In lighten vein, it could be said that there are often as many tyrants in the world as there are constructive thinkers and progressive minds. It so happens that, very often, though not always, the bad outnumber the good in the world to hurt the collective spirit of the planet. In this regard, Robert Mugabe’s ouster from the highest serving seat in Zimbabwean politics has brought about some mighty relief.
Some label him a man who exuded effeminate characteristics. Others mock him as a 93-year-old tyrant who refused to abdicate a political throne sitting on which he hardly rendered any constructive developments for a country that often looked up to him. But for most part, Robert Mugabe- now, no longer Zimbabwe’s president- will have to concede with mixed reviews about his political journey.
For any leader, ouster from the very top echelons of political seating means one thing and one thing alone- disgrace. But for Robert Mugabe, who led Zimbabwe for a torrential reign of 37 years, ever since the country gained independence from Britain in 1980- there is an inkling to return to ascendancy- despite huge public outcries against him.
Here’s a fact about Mugabe that popular culture has captured in great detail.
He wasn’t necessarily a discerning brain on matters of immense economic importance nor among the leading voices on some of the most critical concerns of the 21st century: whether terrorism, the massive rich poor divide, global warming or the imbalance caused by increased capitalization. But Mugabe’s legendary guile and ruthlessness helped him outmaneuver countless political adversaries in Zimbabwe.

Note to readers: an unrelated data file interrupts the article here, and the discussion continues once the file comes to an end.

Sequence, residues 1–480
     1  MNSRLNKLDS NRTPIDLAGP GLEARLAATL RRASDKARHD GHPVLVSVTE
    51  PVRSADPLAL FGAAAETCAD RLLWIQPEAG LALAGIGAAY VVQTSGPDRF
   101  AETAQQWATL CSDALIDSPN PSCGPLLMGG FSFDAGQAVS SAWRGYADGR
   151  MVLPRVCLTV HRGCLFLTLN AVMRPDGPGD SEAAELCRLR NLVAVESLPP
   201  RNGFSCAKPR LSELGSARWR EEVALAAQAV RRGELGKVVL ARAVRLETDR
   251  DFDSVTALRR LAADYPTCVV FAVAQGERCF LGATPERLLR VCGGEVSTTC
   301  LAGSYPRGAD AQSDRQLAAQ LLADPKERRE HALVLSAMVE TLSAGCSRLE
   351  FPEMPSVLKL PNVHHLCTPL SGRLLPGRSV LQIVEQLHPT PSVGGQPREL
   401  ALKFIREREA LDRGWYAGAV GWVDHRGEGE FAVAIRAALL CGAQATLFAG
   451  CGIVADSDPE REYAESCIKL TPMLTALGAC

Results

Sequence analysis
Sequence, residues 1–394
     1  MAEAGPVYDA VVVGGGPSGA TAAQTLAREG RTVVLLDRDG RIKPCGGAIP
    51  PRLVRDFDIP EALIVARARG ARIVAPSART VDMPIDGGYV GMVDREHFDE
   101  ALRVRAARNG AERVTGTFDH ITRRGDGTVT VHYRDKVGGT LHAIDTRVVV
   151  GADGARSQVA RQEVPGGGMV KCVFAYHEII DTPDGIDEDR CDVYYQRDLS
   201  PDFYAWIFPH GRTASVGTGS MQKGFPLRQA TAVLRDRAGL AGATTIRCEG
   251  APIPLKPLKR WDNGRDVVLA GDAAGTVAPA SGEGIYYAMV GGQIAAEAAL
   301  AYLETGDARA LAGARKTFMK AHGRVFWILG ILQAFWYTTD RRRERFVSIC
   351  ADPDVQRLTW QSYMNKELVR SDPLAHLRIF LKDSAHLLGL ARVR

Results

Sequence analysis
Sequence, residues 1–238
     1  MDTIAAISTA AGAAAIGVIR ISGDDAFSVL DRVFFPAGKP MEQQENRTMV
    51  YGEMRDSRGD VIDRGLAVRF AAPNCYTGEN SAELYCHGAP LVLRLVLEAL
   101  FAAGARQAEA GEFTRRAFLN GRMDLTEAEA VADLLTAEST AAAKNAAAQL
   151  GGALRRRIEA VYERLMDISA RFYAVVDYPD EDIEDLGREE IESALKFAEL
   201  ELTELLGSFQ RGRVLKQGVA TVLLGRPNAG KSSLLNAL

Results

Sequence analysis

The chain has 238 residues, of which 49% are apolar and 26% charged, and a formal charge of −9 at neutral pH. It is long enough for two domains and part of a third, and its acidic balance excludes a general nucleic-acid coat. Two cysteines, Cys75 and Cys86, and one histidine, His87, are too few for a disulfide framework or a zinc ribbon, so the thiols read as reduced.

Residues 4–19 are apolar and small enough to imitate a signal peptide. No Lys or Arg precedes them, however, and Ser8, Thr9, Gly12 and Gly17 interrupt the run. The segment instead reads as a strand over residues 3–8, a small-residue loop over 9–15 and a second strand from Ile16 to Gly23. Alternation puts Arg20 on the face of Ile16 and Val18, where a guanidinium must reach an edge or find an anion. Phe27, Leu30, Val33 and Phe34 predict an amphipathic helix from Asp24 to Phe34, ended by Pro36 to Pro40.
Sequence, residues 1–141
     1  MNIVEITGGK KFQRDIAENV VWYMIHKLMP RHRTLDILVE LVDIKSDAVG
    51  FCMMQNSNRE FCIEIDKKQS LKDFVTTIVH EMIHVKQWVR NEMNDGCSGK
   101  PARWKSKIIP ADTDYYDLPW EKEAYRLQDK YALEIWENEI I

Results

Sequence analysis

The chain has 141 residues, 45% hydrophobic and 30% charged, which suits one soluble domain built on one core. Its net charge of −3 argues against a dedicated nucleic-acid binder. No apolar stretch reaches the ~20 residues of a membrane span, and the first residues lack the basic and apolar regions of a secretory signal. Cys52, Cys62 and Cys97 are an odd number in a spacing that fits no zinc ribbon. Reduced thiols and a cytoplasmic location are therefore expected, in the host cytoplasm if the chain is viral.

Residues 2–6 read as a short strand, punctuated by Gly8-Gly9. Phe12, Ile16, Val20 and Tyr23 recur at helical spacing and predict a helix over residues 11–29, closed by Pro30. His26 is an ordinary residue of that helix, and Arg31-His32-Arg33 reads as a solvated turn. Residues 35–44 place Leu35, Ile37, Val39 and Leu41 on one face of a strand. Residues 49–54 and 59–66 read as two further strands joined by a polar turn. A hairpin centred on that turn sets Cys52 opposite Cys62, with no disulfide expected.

Has Zimbabwe seen any other political hegemon rival Mugabe when it came to holding supreme control over the military? There’s no question about that.
But whether Mugabe himself agrees or not, here’s a simple truth that no amount of politicking can denounce: the Zimbabwean economy is currently a mess.
Nothing more, not an ounce less. Even while estimates about Zimbabwe’s unemployment levels vary, the country’s biggest trade union suggests that as of early-2017, jobless rate is around a whopping 90%.
Problems like hyperinflation have always marred the developing African republic for as long as one can remember and a rare facet- that of the country abandoning its own currency at a rate of Z$35 quadrillion to US$ 1- saw Zimbabwe adopt to foreign cash. At all these times, Mugabe sat there and did nothing apart from rueing the disparaging affairs of Zimbabwe.
Furthermore, it didn’t help that several claims of economic corruption marked Mugabe’s political stint that had more blackened blotches in it than any signs of respite; Mugabe often described as an increasingly irascible political zealot who often compared homosexuals to being worse than dogs and pigs.
Now, even as the post of Zimbabwe’s Prime Minister stands incumbent, the common man notes the struggles of a nation crying for land, education and health reforms. The future of the country, formerly known as Rhodesia, hinges on the unknown.